Australia Uses Bushfires Breather to Plan for Next Onslaught

MELBOURNE/SYDNEY (Reuters) -
The burnt-out remains of a house from a bushfire in the Southern Highlands town of Wingello, Australia, Monday. (AAP Image/Mick Tsikas/via Reuters)

Australian officials used a respite on Monday from fierce wildfires that have killed 25 people across the country’s southeast to race to reopen blocked roads and evacuate people who have been trapped for days.

A second day of light rain and cool winds brought some relief from heatwave-fueled blazes that ripped through two states over the weekend, but officials warned the hazardous weather conditions were expected to return later in the week.

Police on Monday confirmed the death of a 71-year-old man on the south coast of New South Wales (NSW) state who was reported missing on Dec. 31, bringing the national toll to 25.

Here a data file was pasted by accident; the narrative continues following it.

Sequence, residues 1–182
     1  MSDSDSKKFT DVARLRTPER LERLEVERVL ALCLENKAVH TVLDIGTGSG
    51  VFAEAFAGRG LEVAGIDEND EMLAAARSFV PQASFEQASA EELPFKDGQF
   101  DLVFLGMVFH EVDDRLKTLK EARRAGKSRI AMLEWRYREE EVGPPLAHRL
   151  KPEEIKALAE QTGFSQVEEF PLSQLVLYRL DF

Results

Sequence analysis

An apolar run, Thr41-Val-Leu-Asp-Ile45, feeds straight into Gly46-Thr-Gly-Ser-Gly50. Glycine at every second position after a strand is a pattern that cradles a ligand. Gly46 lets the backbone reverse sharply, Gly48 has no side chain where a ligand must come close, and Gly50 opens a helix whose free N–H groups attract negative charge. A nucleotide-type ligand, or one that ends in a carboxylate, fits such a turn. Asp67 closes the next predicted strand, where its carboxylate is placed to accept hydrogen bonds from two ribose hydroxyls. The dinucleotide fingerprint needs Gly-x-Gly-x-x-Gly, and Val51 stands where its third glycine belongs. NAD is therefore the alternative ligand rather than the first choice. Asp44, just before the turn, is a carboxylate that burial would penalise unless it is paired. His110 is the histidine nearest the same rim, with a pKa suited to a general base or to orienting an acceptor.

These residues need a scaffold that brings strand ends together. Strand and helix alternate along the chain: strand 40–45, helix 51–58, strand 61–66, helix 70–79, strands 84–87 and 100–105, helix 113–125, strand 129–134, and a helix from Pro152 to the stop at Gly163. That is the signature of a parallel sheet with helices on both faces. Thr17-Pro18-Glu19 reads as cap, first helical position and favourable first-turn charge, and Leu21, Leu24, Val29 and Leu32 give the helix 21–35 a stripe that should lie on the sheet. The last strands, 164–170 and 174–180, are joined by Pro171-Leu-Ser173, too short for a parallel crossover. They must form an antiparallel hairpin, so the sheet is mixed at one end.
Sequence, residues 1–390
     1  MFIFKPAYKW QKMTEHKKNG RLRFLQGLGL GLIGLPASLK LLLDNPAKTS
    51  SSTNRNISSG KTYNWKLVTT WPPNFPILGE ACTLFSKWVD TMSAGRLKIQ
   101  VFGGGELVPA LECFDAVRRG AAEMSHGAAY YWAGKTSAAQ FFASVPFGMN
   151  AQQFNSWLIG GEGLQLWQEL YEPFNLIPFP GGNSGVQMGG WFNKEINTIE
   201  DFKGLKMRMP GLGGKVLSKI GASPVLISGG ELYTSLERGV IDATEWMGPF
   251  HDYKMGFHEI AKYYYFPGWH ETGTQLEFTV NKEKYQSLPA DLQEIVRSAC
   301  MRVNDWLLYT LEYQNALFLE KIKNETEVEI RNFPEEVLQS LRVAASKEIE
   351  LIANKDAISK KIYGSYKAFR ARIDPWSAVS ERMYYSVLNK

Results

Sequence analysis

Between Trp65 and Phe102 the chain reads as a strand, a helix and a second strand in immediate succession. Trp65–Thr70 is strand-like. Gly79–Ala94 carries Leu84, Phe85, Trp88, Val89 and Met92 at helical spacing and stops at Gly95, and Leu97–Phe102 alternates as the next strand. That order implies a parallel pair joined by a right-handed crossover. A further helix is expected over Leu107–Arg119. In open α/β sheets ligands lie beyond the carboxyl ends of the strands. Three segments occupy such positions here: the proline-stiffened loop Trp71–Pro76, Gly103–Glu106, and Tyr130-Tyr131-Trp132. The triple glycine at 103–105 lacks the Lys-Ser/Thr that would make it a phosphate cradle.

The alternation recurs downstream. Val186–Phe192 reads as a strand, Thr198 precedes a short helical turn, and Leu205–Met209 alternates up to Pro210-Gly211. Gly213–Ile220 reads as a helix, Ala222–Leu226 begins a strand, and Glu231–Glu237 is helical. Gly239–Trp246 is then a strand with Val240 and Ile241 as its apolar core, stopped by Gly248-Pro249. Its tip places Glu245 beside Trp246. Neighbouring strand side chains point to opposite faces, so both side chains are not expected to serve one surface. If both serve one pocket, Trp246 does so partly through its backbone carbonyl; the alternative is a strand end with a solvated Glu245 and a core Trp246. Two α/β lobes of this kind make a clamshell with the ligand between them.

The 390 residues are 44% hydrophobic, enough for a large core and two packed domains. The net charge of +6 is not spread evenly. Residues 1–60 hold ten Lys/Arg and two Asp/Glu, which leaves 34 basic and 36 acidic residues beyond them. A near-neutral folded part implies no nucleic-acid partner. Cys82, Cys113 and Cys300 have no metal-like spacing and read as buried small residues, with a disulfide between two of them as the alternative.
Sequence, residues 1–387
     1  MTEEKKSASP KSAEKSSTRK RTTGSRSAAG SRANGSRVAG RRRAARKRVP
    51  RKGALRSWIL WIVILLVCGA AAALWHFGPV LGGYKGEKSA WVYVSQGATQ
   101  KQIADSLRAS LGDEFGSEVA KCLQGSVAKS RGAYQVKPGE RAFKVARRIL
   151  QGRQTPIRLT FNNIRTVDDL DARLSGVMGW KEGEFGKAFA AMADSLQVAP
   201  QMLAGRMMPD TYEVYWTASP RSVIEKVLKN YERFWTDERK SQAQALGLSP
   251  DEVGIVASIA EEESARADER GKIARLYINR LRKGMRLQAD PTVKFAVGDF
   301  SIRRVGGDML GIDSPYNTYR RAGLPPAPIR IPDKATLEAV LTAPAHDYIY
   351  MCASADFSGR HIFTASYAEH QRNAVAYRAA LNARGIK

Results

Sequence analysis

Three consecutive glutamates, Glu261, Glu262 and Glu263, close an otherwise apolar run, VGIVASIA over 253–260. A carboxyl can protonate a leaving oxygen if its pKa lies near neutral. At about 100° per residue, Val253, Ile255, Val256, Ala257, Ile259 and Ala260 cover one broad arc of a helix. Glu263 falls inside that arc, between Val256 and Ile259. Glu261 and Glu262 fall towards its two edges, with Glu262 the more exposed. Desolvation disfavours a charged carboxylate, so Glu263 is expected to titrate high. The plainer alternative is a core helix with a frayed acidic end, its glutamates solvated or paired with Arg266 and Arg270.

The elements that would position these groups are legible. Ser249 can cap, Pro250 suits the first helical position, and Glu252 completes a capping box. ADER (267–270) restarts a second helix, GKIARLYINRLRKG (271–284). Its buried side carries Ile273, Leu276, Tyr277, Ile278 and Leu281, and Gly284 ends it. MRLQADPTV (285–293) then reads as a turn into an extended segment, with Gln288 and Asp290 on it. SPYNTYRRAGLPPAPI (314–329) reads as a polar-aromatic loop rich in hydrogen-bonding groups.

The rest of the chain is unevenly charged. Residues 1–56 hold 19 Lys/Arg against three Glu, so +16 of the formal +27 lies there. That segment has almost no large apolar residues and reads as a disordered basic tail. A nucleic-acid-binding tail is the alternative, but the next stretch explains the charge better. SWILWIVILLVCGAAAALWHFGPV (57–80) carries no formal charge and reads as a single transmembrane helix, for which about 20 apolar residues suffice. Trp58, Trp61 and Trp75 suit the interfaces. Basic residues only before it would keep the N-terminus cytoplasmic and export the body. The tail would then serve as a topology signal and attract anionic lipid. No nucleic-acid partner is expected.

More than 20 million acres of land have so far been destroyed in the current fire season, nearly the size of Austria.

“No one can be complacent. We’ve got big fire danger coming our way towards the end of this week with hot weather,” Victoria Premier Daniel Andrews told reporters on Monday afternoon.

Authorities redoubled their efforts to provide supplies and repatriate thousands of people who have been trapped by fire lines in coastal towns for several days.

“What we are focusing on here is the human cost and the rebuilding cost for people’s lives,” Prime Minister Scott Morrison told reporters in Canberra as he announced funding of A$2 billion ($1.4 billion) over two years to the newly formed National Bushfire Recovery Agency.

Morrison said nearly 4,000 cattle and sheep have been killed as a result of the fires.

The bushfire season started earlier than normal this year following a three-year drought that has left much of the country’s bushland tinder-dry and vulnerable to fires.